ecklesweb asks: "Do software defects found in later phases of the software development cycle REALLY cost THAT much more than defects found in earlier phases? Does anyone have any empirical data (not anecdotal) to suggest that this logarithmically increasing cost idea is really true? That is the question I use whenever I want to tick off a trainer. Seriously, though, it seems an important question given the way this 'concept' (or is it a myth?) drives the software development process."
"If you're a software engineer, one of the concepts you've probably had driven into your head by the corporate trainers is that software defects cost logarithmically more to fix the later they are found in the software development life cycle (SDLC).
For example, if a defect is found in the requirements phase, it may cost $1 to fix. It is proffered that the same defect will cost $10 if found in design, $100 during coding, $1000 during testing.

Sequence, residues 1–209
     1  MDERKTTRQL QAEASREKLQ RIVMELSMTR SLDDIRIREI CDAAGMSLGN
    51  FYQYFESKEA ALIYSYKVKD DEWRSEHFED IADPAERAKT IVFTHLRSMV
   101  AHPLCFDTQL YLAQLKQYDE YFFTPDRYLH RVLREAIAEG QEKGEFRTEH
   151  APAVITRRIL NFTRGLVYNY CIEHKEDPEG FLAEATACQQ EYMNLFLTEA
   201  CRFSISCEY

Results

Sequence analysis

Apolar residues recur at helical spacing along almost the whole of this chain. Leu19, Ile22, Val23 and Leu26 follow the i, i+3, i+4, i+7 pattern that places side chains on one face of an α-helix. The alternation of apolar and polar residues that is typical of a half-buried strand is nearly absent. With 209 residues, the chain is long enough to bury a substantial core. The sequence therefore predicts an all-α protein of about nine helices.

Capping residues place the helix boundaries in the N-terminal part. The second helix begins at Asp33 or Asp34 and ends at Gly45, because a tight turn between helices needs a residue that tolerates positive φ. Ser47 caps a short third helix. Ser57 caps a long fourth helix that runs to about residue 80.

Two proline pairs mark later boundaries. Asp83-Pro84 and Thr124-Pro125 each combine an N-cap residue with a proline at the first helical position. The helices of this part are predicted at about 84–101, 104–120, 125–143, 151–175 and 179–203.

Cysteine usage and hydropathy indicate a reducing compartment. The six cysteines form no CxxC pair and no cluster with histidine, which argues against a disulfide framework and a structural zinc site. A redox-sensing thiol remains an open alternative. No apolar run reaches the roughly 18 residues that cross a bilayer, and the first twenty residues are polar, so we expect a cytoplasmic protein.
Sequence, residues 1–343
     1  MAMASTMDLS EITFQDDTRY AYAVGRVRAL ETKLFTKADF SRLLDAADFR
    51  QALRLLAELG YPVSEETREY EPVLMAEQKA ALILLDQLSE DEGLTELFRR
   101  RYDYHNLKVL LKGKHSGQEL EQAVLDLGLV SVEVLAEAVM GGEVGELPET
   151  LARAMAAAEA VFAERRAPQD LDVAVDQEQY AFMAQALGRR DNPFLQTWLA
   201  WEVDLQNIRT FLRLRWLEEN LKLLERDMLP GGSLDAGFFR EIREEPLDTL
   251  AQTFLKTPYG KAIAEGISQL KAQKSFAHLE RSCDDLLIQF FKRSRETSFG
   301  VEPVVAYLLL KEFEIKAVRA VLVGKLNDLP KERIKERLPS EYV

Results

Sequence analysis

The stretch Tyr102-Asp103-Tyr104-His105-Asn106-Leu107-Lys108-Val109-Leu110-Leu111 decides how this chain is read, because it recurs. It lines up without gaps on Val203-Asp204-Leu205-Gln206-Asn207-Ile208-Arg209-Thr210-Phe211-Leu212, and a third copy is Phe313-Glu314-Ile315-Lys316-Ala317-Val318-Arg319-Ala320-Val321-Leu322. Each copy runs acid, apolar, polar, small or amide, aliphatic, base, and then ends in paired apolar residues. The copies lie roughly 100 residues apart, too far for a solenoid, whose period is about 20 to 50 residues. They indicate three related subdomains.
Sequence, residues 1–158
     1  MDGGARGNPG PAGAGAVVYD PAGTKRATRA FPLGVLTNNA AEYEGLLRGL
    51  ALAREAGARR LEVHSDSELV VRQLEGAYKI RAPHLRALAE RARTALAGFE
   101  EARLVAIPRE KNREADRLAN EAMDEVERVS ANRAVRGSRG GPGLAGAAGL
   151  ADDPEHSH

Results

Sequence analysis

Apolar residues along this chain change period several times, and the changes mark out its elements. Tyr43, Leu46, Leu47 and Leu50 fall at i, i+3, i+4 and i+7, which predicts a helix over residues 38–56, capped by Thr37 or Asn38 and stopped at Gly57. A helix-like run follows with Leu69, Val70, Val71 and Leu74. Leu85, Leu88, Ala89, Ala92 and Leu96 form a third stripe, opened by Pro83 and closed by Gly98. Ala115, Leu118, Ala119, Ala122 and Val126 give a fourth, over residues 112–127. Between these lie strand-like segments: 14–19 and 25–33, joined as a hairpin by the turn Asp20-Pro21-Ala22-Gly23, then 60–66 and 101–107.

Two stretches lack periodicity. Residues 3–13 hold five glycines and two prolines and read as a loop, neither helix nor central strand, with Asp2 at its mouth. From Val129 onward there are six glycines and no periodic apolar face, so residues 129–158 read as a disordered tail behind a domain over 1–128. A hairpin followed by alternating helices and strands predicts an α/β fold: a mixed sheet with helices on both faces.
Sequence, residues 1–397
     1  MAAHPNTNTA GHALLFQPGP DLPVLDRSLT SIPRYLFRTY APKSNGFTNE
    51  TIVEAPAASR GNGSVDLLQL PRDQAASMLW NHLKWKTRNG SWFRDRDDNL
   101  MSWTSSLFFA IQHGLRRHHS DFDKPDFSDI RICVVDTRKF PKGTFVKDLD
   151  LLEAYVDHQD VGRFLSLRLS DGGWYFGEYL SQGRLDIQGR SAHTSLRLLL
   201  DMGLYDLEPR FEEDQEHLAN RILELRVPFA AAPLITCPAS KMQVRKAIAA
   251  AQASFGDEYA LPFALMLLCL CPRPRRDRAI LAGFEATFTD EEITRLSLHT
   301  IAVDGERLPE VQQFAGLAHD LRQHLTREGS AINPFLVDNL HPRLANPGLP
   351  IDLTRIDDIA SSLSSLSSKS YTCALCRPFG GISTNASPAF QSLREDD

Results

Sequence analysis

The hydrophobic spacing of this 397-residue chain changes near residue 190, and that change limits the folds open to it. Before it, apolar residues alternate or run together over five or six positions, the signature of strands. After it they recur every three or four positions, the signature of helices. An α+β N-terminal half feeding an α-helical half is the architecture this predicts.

All of this, to my knowledge, started by Barry Boehm in papers. In these papers, Mr. Boehm indicates that defects found 'in the field' cost 50-200 times as much to correct as those corrected earlier.
That was 15 years ago, and as recently as 2001 Barry Boehm indicates that, at least for small non-critical systems, the ratio is more like 5:1 than 100:1.
 - Boehm, Barry W. and Philip N. Papaccio. 'Understanding and Controlling Software Costs,' IEEE Transactions on Software Engineering, v. 14, no. 10, October 1988, pp. 1462-1477
 - (Beohm, Barry and Victor R. Basili. 'Software Defect Reduction Top 10 List,' Computer, v. 34, no. 1, January 2001, pp 135-137.)"